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Personal loans made easy via ATMs and apps: How it works

Tinesh Bhasin / Mumbai 25 Jul 17 | 08:40 AM

It’s not just large private sector banks that are offering instant loans to their customers through ATMs or via online bank accounts. Financial technology start-ups are changing the way personal loans are disbursed to borrowers.

Recently, India’s largest private sector lender, ICICI Bank, started offering personal loans to its pre-selected salaried customers through its ATMs. Only those on the bank’s pre-approved customers’ list based on their credit score would get the option to avail the facility. HDFC Bank has been offering instant loan through net banking. But if you don’t have a credit history or a longstanding banking relationship, you can approach start-ups such as EarlySalary.com, LoanTap, and so on.

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As these lenders target customers who don’t have any credit history, they use a variety of parameters to evaluate the customer’s profile. They access an applicant’s social media account and build a profile after getting information through the app such as friends’ list, location, etc. They also evaluate the spending habit after evaluating the customer’s bank account statement. 

EarlySalary.com offers short-term loans from a day to a month. Once a person takes 5 minutes to fill in the loan application on the company's app, the KYC, signing of documents and disbursement can be done within a few hours. From the next time onwards, the disbursement is instant. “Around 35 per cent borrowers are new to credit," says Akshay Mehrotra, co-founder and chief executive officer (CEO), EarlySalary.com.

Illustration: Ajay Mohanty

LoanTap offers on-tap credit up to Rs 5 lakh for one day to five years. But their loan system works like a credit card. “You can repay a minimum amount and revolve the outstanding, paying interest on it," says Satyam Kumar, CEO, LoanTap.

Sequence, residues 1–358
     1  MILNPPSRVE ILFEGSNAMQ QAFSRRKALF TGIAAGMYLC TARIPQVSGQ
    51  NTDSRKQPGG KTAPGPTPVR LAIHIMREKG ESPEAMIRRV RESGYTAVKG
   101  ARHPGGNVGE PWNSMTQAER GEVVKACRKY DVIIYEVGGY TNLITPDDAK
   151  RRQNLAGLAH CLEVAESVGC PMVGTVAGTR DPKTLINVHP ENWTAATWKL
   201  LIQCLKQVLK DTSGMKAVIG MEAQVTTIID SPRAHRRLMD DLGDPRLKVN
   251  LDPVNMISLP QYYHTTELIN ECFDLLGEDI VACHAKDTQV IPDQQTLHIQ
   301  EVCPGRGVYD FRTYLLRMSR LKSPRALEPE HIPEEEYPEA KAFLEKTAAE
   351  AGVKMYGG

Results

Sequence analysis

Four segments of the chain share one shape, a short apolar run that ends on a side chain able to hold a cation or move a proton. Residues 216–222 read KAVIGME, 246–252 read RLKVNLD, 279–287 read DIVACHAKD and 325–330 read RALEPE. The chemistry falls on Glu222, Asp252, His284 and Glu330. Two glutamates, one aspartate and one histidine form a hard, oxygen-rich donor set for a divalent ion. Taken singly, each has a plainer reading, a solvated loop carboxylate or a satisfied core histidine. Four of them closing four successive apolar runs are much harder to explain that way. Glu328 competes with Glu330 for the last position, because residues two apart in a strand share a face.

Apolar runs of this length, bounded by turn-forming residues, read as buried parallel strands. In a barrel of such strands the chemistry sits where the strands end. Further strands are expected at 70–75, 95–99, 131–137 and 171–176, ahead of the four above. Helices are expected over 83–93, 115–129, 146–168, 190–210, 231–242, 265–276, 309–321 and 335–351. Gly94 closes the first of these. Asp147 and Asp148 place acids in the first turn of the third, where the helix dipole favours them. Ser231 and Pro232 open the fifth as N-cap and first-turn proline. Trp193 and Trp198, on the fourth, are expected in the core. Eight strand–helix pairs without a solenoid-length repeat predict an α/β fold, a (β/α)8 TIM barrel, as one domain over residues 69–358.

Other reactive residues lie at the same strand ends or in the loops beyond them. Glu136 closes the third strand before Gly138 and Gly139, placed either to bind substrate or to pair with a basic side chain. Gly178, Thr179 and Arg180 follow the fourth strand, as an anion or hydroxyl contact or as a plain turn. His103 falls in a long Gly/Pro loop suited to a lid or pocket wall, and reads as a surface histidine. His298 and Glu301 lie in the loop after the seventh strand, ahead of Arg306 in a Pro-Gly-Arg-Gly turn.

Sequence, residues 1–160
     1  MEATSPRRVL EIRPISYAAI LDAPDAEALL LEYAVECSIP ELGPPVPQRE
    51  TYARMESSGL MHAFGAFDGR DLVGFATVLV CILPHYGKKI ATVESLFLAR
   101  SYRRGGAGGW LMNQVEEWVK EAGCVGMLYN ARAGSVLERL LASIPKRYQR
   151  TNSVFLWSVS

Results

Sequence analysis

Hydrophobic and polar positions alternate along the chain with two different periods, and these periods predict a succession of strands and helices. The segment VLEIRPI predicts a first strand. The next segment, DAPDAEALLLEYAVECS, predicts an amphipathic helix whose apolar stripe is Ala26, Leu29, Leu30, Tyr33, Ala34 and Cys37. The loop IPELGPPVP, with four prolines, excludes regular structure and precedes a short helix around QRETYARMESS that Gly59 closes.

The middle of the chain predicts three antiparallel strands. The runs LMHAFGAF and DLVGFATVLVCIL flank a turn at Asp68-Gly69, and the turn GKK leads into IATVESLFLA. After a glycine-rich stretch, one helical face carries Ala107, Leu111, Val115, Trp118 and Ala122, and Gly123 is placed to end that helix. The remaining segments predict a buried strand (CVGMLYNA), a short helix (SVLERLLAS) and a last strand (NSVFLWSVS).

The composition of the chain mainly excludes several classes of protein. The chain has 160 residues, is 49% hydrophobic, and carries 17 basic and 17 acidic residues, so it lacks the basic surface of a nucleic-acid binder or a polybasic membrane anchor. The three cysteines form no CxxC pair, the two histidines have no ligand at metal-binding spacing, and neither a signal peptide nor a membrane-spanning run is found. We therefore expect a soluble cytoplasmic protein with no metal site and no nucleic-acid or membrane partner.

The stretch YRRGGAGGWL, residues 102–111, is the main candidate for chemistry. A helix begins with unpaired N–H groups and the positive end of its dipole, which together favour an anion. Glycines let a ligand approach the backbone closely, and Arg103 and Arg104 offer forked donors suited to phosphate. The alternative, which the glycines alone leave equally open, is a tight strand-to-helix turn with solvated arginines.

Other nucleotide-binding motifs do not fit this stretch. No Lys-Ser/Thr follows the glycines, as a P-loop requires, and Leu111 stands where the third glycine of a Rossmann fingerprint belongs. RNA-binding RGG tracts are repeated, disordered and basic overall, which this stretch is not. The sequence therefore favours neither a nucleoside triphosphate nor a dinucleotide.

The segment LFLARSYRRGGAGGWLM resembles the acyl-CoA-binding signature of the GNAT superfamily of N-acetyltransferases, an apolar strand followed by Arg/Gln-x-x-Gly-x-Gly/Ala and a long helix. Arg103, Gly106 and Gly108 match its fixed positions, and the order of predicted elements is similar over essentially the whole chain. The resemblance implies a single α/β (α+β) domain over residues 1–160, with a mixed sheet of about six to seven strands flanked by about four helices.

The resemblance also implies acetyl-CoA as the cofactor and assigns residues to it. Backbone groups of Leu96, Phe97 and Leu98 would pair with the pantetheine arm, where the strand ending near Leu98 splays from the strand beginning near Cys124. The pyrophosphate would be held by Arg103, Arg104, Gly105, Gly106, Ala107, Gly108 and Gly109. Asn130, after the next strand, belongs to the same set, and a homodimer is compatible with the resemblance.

There are also intermediaries such as Qbera.com which has tied up with RBL Bank, and PaySense, that works with India Infoline Finance. These fintech start-ups underwrite the loans for partner lenders. In case of defaults, they also bear the risk. “Theoretically it’s possible for lenders to do the same kind of underwriting that we do but the reality is that they are not as agile. Their adoption of technology is slow. Also, operating costs for lenders are too high, especially for small-ticket loans," says Aditya Kumar, founder and CEO, Qbera.com.

In case of Qbera and PaySense, too, the borrowers can be big bank customers or those without a credit history. “Once we establish a relationship with them with the first loan, subsequent loans are disbursed instantly," says Sayali Karanjkar, co-founder and COO, PaySense.

As availing personal loans gets easier, financial planners say borrowers should not fall for this easy money trap. If there’s a default, the institutions will report it to credit bureaus, and there can be problems when the borrower wants to go for a housing loan.

While these facilities are convenient, borrowers should use them only in case of an emergency and not on their usual expenditure. “Most financial disasters happen due to an individual’s inability to control spending. It’s difficult not to get habituated to debt when once uses such a product," says Malhar Majumder, certified financial planner.

If you have a salary account with a bank, do explore the option of overdraft (OD) facility on the salary that comes at 14-19 per cent interest rates. Once set up, you can take an OD for up to a year in case of emergencies. 

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